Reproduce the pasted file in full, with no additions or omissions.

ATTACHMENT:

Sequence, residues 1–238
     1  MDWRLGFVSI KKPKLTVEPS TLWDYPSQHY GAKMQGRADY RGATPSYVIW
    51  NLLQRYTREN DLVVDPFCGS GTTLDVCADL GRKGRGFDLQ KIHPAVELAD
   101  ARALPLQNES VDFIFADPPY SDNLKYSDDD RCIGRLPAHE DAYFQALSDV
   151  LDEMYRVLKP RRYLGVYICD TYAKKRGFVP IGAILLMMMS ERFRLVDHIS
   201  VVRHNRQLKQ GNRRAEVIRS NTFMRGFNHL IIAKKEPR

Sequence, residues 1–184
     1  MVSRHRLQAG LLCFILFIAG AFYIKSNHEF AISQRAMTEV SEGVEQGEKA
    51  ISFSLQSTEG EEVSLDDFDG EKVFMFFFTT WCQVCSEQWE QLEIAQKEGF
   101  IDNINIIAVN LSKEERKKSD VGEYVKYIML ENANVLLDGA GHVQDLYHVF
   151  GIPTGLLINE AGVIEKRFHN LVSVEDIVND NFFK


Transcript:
Sequence, residues 1–238
     1  MDWRLGFVSI KKPKLTVEPS TLWDYPSQHY GAKMQGRADY RGATPSYVIW
    51  NLLQRYTREN DLVVDPFCGS GTTLDVCADL GRKGRGFDLQ KIHPAVELAD
   101  ARALPLQNES VDFIFADPPY SDNLKYSDDD RCIGRLPAHE DAYFQALSDV
   151  LDEMYRVLKP RRYLGVYICD TYAKKRGFVP IGAILLMMMS ERFRLVDHIS
   201  VVRHNRQLKQ GNRRAEVIRS NTFMRGFNHL IIAKKEPR

Sequence, residues 1–184
     1  MVSRHRLQAG LLCFILFIAG AFYIKSNHEF AISQRAMTEV SEGVEQGEKA
    51  ISFSLQSTEG EEVSLDDFDG EKVFMFFFTT WCQVCSEQWE QLEIAQKEGF
   101  IDNINIIAVN LSKEERKKSD VGEYVKYIML ENANVLLDGA GHVQDLYHVF
   151  GIPTGLLINE AGVIEKRFHN LVSVEDIVND NFFK